Courtesy Reuters

Overcoming Insularity in Jamaica

In the long run it may yet transpire that the differences between stages of economic development as between various nations and regions of the world are a more important determinant of history than differences in ideology or systems of government. Religious wars are contested with fervor at the time; so are wars to make the world safe for democracy. But sooner or later, the economic historian presents an alternative analysis which seems to put the hysteria of yesteryear in a more realistic frame.

And so today, press, pulpit and politician would have us believe that a new ideological focus is at the heart of the uncertainties, tensions and conflicts of the second half of the twentieth century. Once again, I suggest that tomorrow's historians will point out that behind the hysteria lay economics and that the real battleground was in that largely tropical territory which was first the object of colonial exploitation, second, the focus of non-Caucasian nationalism and more latterly known as the underdeveloped and the developing world as it sought euphemisms for its condition. It has now proclaimed itself the third world to mark its transition from an age of apology to one of assertiveness.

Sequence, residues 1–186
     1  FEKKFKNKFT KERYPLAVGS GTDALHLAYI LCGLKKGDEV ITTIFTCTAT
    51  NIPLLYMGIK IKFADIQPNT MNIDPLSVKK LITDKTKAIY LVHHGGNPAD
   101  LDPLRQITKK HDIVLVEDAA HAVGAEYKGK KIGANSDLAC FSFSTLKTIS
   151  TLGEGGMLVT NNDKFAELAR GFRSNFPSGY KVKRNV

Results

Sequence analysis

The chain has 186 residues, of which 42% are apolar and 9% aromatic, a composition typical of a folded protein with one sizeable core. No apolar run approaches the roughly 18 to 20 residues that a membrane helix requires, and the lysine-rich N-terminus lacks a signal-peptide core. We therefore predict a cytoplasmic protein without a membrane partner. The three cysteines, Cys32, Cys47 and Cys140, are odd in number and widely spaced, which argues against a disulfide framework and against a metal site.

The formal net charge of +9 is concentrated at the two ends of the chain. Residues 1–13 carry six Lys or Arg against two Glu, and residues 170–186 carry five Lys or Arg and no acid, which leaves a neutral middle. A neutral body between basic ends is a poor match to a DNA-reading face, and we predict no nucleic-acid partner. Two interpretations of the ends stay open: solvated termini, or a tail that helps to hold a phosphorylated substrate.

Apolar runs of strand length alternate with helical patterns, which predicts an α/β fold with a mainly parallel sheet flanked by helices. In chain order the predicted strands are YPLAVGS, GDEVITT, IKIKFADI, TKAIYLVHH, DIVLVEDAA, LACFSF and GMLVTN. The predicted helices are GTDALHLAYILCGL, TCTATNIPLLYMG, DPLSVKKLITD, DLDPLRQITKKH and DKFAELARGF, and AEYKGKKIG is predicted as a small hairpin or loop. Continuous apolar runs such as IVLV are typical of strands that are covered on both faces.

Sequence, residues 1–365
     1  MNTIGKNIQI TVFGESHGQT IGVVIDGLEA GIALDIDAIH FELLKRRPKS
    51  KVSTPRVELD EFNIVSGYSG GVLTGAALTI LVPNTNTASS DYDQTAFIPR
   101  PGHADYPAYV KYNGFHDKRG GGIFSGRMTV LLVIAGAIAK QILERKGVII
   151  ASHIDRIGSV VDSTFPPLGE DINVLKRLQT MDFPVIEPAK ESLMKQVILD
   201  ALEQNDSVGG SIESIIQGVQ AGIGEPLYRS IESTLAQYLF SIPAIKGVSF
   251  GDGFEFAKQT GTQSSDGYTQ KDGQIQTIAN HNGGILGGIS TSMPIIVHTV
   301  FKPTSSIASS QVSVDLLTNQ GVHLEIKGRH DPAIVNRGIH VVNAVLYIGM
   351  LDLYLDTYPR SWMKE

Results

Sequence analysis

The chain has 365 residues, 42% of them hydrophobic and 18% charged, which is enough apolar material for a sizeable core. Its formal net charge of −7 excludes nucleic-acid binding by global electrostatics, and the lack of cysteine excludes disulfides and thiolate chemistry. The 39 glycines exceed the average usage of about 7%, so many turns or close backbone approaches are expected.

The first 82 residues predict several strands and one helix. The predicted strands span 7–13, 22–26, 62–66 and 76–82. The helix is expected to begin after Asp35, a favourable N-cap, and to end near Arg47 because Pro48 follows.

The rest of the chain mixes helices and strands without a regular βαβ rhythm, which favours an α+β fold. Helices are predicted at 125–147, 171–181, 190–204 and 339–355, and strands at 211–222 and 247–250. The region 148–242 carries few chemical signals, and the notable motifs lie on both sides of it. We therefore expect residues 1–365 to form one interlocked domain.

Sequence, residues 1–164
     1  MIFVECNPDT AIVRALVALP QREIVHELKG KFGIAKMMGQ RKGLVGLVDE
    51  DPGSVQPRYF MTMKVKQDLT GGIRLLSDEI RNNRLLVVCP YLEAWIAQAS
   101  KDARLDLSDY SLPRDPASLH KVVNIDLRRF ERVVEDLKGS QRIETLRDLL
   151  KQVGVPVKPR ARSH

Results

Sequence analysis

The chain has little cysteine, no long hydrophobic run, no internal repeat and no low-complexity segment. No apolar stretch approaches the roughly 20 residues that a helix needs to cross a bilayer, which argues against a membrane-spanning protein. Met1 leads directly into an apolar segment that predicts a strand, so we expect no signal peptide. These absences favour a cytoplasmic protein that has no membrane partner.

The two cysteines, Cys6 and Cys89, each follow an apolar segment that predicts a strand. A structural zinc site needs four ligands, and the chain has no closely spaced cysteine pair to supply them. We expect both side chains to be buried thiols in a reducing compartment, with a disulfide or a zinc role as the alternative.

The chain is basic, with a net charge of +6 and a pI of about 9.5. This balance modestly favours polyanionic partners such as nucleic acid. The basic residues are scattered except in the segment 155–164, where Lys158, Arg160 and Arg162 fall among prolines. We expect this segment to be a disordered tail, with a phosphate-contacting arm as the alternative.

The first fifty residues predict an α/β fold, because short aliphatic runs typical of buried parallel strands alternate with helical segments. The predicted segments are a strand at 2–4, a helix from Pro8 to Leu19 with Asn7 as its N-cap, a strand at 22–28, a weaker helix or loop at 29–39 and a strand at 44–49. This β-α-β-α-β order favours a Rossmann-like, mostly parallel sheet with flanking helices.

To the extent that all this is true, any development in any part of the third world has an importance that far outweighs the size, wealth or power of that particular part of that world. And so, recognizing that this explanation may be required, I do not apologize for writing about Jamaica with its 4,000 square miles and two million people and its relationship to the English-speaking Caribbean which covers many more square miles but still adds up to only a little more than five million people.

Because Jamaica and the Caribbean are a part of the third world, they are best understood if one first isolates certain basic features that are common to that world and its general condition at this moment of history.

I think that four factors can be distinguished. First of

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